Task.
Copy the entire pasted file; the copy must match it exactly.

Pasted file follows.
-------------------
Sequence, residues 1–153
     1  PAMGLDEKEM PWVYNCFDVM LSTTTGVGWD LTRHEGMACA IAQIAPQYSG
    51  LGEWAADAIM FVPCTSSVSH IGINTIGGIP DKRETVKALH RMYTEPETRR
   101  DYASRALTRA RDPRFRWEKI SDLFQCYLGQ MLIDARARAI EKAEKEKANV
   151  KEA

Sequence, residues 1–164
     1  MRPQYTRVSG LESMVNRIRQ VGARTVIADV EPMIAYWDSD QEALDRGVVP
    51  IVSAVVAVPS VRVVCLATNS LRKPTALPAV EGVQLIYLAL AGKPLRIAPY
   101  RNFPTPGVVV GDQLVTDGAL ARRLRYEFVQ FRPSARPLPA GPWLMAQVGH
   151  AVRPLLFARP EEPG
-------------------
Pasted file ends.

Sequence, residues 1–153
     1  PAMGLDEKEM PWVYNCFDVM LSTTTGVGWD LTRHEGMACA IAQIAPQYSG
    51  LGEWAADAIM FVPCTSSVSH IGINTIGGIP DKRETVKALH RMYTEPETRR
   101  DYASRALTRA RDPRFRWEKI SDLFQCYLGQ MLIDARARAI EKAEKEKANV
   151  KEA

Sequence, residues 1–164
     1  MRPQYTRVSG LESMVNRIRQ VGARTVIADV EPMIAYWDSD QEALDRGVVP
    51  IVSAVVAVPS VRVVCLATNS LRKPTALPAV EGVQLIYLAL AGKPLRIAPY
   101  RNFPTPGVVV GDQLVTDGAL ARRLRYEFVQ FRPSARPLPA GPWLMAQVGH
   151  AVRPLLFARP EEPG